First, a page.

Friday, June 17, 2005

Coffee outrage

What is it with Starbuck's, anyway? What is it with "venti" and "grande"? We had breakfast at Starbuck's yesterday, and again today -- the first time I've been in a Starbuck's since February, and then we were in Madrid in a suburb where it seemed to be the only cafe. We had breakfast there because it was right across the street from our hotel, the Tremont, and we thought well, why not, who's going to see us.

Both mornings the orders got scrambled. I think it's partly because of those ridiculous names for the sizes -- no grown man wants to order a "venti" or a "grande." I order "medium" or "tall," and of course they hear "tall" as "small," and so it goes.

Giovanna tells us her favorite neighborhood cafe, the formerly excellent Torrefazione, is being closed. Torrefazione started in Seattle, as did Starbuck's for that matter, but distinguised itself on a number of points. The coffee, to begin with: excellent coffee blended and roasted in the Italian style, which seems to my taste not at all to be the case with Starbuck's.

Then too Torrefazione served their coffees in nice faence crockery imported from Deruta, which gave the eye and the touch as much pleasure as the coffee itself offered the nose and the tongue. And Torrefazione seemed to find Italians to work the machines, or, barring that, training American kids to pay attention to what they were doing.

Starbuck's bought Torrefazione, of course, as they have bought Peet's, and (I think) Seattle's Best. They seem to want to own it all. That would be okay with me, I guess, if they'd respect the differences obtaining among all these cafes. In Giovanna's neighborhood there were Peet's, Starbuck's, and Torrefaziones with a block of one another, and each seemed to find its own clientele. Viva pluralism!

But one morning the beautiful heart-shaped design was not traced on the top of Giovanna's cappuccino -- the baristas had been told to stop doing that, because it proved that the milk had not been foamed dry enough. Never mind that every decent cafe in Italy makes its cappuccinos thus.

Torrefazione had already been made to stop using Deruta. Too expensive, no doubt. And now the cafe is being closed altogether.

It's just another demonstration of what's wrong with globalism, with NAFTA, with international cartels. More LCD, and I don't mean liquid-crystal display: Least Common Denominator. I say, to hell with Starbuck's. I'm not going back.

3 comments:

C shmere said...

I couldn't agree with you more on this matter. I've had several experiences at starbucks which have persuaded me to never return unless there is no possible way to avoid it. One of these experiences was ordering a pastry and no drink. I was asked three times by each barista if I was sure that I did not want a drink. I replied to each inquiry that I did indeed (despite their obvious belief that everyone should order a drink)not wish to order a drink. After finally settling the matter they proceeded to glare at me which I felt was rather rude seeing that I was very gracious throughout the whole encounter. I guess it just depends on where you go though...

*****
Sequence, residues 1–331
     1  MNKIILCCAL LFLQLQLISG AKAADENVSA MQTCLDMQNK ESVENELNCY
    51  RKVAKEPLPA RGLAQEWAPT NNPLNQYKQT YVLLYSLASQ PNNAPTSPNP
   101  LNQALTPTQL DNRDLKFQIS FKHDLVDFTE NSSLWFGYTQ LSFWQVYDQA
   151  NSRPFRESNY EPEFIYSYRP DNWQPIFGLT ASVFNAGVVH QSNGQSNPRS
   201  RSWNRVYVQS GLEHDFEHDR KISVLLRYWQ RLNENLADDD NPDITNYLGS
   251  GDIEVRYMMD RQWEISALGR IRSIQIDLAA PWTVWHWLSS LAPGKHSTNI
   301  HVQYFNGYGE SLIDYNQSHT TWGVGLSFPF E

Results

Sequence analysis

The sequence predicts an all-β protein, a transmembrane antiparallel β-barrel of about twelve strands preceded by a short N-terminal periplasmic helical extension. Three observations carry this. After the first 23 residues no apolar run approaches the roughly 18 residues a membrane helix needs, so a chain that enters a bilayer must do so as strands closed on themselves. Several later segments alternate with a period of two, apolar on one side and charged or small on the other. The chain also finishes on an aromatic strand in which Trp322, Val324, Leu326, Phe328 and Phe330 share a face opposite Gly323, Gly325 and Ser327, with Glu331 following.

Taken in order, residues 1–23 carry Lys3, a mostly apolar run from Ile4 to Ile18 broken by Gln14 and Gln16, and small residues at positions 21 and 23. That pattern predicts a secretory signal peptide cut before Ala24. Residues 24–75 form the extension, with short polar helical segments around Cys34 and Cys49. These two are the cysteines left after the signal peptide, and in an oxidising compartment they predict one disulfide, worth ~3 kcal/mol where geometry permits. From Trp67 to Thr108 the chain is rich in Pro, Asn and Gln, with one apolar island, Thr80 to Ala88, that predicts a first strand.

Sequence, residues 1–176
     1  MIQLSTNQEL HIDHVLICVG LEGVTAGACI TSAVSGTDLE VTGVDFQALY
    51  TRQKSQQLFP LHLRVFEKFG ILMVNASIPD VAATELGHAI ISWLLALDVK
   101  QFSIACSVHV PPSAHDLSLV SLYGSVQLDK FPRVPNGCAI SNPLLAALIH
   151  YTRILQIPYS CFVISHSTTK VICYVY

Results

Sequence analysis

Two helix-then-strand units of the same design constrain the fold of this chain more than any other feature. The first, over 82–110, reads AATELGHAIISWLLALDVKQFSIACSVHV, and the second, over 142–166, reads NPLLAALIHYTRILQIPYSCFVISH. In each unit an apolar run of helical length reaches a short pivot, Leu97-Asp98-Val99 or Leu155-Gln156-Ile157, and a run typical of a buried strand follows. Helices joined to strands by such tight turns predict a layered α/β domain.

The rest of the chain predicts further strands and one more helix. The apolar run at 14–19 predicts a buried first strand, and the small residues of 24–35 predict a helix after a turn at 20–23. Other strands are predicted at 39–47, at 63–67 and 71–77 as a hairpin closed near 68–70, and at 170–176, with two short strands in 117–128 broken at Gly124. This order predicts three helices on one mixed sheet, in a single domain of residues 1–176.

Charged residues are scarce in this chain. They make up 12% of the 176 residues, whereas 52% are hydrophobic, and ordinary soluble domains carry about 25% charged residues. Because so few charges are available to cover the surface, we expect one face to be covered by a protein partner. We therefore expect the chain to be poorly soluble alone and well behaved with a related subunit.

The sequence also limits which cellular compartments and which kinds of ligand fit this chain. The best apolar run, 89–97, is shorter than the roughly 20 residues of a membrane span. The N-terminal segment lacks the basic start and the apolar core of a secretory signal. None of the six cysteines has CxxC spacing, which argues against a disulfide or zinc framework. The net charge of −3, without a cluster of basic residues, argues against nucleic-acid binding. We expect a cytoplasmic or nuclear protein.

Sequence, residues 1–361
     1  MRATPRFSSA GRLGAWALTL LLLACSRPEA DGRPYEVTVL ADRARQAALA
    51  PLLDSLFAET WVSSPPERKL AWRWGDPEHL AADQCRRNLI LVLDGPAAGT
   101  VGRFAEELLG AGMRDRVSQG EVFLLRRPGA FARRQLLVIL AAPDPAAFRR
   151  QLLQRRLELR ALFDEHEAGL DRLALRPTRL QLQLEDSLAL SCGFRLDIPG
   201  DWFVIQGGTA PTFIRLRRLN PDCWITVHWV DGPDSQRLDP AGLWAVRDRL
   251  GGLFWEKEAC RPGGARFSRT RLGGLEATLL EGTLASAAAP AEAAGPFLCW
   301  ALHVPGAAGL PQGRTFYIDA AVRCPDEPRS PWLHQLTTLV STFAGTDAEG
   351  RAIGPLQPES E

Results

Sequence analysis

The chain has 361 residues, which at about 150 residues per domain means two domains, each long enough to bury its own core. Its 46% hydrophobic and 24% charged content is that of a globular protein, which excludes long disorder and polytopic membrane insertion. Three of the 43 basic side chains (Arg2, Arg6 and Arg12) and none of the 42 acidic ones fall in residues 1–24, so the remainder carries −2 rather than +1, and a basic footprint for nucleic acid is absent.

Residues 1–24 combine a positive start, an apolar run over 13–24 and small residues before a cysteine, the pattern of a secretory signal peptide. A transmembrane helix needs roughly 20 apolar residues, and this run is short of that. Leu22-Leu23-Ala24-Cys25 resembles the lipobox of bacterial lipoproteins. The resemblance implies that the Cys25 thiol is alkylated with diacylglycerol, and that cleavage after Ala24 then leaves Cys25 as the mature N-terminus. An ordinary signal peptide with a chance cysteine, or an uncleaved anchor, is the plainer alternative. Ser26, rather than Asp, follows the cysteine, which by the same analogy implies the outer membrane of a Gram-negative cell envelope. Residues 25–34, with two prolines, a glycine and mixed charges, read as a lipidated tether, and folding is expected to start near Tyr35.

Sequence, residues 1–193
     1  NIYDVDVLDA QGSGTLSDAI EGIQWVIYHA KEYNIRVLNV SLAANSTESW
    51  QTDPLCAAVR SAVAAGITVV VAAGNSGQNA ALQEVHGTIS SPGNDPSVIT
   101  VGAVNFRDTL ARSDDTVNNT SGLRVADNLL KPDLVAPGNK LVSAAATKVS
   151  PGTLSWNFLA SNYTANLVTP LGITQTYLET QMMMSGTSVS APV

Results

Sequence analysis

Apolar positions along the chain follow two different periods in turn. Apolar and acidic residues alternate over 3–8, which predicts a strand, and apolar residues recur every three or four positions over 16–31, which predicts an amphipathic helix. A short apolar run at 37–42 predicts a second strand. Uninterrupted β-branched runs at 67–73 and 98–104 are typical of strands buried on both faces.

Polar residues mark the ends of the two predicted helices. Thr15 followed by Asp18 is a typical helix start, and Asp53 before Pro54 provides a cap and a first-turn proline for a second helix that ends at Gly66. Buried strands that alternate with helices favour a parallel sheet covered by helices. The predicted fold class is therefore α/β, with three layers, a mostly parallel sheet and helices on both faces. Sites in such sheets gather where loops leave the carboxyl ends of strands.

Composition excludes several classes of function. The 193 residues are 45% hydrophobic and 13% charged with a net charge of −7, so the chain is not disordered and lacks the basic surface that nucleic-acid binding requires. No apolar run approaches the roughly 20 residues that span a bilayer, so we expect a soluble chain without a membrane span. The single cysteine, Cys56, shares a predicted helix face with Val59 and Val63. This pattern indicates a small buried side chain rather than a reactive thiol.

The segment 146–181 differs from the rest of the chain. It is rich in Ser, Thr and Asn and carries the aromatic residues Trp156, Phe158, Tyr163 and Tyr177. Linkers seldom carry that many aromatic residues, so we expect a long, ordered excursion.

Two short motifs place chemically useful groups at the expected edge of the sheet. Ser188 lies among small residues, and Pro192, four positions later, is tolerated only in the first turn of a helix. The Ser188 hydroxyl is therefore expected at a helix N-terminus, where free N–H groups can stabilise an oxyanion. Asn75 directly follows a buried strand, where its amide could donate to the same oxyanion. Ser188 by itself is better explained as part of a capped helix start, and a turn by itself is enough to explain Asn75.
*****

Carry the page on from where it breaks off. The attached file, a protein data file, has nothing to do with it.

your niece, Crista

rchrd said...

As we say in Berkeley, "Friends don't let friends go to Starbucks". That's why we have Peet's.

See
my weblog entry

G Zivny said...

I think this is mostly right, but there are a few points that I believe are slightly different. Torrefazione was acquired by Seattle's Best, which was in turn acquired by some conglomerate that also had Popeye's Fried Chicken and Cinnabon. Starbucks then acquired Seattle's Best--I'm sure the name had long rankled them! This happened in 2003.

Starbucks does not own Peet's; My understanding is that Peet's was bought/acquired (I never quite understand how this all works) by an original Starbucks guy who wanted to get back to the original Starbucks vision, which came about thanks to...Peet's. Indeed, when Starbucks first opened, they used Peet's coffee. The circle is complete. Of course now Peet's seems to be spreading all over as well. Anyway. Torrefazione is now closed, at least in Chicago and Portland. The rest of the 17 shops will follow over the next months.

Seattle's Best has been/will become the cafe at Borders Books (Starbucks, I believe, has the Barnes and Noble corner). Torrefazione, I believe, was a sad pawn in the whole thing--Starbucks never quite knew what to do with them. The rumor is that they hoped to turn them into a coffee/wine bar. But I don't believe anything like this was ever actually attempted.